1. It has shown me that sometimes I can trust strangers more than my friends.

In my first trip outside Spain, I learned that I couldn’t trust my friends as much as I’d thought I could. Jose, Pachu, and I had planned to meet at Estación Sur in Madrid two weeks before we started our second year at university. From there, we’d take our first metro to the Barajas airport and then wait a couple hours for our flight to Paris, where we’d have a hell of a week drinking and smoking and wandering around Moulin Rouge and the Latin Quarter.

Instead, I found myself alone in the huge bus station in the center of Madrid with no idea how the metro even worked. I’d traveled by bus from León and my friends from Oviedo. Their bus driver had told them that he could drop them directly at the airport if they wanted, so they called to ask me, “¿Te importa si vamos directo al aeropuerto?” (Do you mind if we go directly to the airport?) And I lied, “No pasa nada. Ir.” (Yeah, it’s fine. Go).

Buenos amigos (Nice friends), I thought, just before I met a Hawaiian girl named Ada who was as lost as me, because even if she knew about the metro she didn’t know Spanish at all. We helped each other out and managed to reach the airport. And when I said goodbye to her, I already knew that I had learned that sometimes it’s better to trust strangers than friends.

2. It has made me fall in love with people I will probably never see again.

I only needed less than a week in the Balkans to fall in love with the whole peninsula and also with a gorgeous Albanian who took me to visit Pristina, Kosovo, on a crisp day in October. Right after arriving there, she led the walk toward the city center. She walked funny, like she was floating in the air following an inner Nirvana rhythm, her long red curly hair moving with every step. We kept walking while she was telling me ghost stories about the city park. She laughed at my attempts to prounounce her name over Peja beers in a night venue called Che Bar.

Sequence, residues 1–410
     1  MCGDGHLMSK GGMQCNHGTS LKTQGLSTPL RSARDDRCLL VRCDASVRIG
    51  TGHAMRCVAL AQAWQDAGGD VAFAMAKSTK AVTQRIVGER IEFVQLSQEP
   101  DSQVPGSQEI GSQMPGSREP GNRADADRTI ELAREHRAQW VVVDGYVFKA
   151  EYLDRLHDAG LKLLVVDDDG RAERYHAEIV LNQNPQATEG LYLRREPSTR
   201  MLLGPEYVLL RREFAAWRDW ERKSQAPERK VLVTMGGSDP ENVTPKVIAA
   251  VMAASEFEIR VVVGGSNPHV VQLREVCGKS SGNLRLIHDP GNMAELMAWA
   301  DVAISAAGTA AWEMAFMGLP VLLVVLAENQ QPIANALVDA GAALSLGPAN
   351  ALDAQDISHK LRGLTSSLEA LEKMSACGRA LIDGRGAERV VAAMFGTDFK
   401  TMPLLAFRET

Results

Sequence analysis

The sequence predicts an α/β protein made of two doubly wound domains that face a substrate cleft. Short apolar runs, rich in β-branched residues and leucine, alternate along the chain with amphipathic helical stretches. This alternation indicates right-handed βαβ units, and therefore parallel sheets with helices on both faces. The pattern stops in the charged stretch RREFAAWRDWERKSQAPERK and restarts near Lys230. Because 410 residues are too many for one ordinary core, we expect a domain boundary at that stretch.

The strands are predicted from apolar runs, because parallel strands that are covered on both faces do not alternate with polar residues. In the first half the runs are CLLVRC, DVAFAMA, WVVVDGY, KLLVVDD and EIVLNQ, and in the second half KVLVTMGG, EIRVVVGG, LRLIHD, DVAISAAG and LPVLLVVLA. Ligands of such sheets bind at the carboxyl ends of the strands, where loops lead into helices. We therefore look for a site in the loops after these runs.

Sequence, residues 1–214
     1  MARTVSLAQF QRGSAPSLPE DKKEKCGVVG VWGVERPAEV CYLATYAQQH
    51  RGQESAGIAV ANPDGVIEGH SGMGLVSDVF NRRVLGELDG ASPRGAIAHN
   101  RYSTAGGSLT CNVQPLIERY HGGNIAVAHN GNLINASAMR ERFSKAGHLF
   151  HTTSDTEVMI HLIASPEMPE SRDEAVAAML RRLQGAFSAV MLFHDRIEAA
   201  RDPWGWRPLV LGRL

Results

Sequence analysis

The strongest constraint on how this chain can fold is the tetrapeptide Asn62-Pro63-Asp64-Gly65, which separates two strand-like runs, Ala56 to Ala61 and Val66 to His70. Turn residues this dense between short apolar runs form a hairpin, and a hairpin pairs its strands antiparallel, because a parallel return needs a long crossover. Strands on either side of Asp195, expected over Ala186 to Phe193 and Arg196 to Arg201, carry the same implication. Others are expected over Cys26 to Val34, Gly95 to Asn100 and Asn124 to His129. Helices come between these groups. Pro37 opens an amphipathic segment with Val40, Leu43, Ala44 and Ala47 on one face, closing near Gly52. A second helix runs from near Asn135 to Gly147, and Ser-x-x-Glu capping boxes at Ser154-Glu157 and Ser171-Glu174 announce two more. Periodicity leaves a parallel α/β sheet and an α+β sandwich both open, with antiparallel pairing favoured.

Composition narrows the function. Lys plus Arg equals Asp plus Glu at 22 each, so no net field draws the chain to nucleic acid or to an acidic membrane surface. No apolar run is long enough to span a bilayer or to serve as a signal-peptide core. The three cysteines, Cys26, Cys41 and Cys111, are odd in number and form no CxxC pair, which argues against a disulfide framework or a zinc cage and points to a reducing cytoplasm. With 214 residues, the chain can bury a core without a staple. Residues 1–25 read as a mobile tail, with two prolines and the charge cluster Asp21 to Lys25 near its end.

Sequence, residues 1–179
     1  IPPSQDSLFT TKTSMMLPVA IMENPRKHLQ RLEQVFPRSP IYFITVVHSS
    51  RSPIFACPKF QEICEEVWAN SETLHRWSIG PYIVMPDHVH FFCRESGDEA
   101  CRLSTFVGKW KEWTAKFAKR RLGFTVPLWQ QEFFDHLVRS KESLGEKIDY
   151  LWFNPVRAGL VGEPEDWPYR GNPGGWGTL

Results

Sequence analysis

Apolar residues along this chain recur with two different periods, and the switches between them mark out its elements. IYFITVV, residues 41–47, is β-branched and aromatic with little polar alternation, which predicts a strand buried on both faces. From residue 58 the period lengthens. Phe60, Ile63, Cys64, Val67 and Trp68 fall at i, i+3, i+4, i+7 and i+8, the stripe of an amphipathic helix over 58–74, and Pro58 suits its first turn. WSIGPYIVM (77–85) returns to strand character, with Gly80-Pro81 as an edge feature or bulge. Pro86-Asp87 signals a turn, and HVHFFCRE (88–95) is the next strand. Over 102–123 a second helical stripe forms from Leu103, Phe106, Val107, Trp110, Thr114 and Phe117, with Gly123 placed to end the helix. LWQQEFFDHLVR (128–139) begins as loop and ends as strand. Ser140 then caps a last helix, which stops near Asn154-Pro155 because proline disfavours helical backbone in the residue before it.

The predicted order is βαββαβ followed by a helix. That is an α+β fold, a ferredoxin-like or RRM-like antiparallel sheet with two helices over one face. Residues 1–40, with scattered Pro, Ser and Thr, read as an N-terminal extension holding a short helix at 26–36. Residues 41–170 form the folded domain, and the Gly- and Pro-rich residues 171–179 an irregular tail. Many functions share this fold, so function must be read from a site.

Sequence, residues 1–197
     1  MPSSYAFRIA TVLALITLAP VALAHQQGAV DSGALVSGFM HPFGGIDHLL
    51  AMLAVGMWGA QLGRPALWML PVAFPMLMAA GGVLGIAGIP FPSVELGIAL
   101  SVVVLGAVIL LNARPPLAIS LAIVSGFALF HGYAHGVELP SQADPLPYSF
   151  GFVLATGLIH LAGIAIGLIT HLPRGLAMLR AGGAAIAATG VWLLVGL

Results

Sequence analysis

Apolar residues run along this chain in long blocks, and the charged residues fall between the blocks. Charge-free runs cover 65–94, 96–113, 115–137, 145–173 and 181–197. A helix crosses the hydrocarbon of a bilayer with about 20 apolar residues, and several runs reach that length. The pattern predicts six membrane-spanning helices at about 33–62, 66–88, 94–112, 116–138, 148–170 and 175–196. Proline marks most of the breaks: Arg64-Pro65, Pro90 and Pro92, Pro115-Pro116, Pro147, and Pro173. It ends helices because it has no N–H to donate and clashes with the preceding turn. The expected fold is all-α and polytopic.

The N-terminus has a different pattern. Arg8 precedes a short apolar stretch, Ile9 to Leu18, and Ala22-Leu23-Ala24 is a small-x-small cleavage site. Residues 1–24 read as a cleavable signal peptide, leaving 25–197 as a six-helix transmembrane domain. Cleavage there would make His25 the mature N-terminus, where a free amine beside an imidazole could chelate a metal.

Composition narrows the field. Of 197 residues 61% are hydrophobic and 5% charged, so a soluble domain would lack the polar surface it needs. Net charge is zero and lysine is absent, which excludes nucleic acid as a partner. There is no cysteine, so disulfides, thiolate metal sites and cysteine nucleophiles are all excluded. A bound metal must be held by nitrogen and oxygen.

“You gotta see this,” she said. And I saw it. The “NEWBORN” sculpture, the main touristic attraction of the city, declaring since February of 2008 the Kosovo’s independence from Serbia. Leaves were falling off trees and winter was unconsciously there waiting for something to happen.

I touched her warm hand and said, “I’m newborn.” She smiled and answered, “Yes, yes you are.”

3. It has taught me so many things that I wish I were dumber.

I swear it’s true. I’ve learned more in a couple days in a foreign country speaking in another language with people from different cultures than in six years at university. And that’s probably a good thing, or not, because after learning so many valuable things out there in the real world, things that really matter, now I just can’t go back to my easy life in my modern country.

4. No matter how hard I try to settle down, I just can’t wait to get lost somewhere again.

So I just keep moving. Right now it’s 3:45am and I’m traveling by train to Barcelona. I’m leaving behind a science degree and a failed master’s just to work as a waiter in a cool music bar in a small village called Sant Pere de Ribes near the Mediterranean Sea.

I don’t know if I’ll ever find ‘home’ again — traveling has doomed me to travel more. I can’t stop thinking about those creepy hostels, those foreign beers I, all of those loud laughs I heard, and those people from far faraway, people whom I still love. And I want more of it all.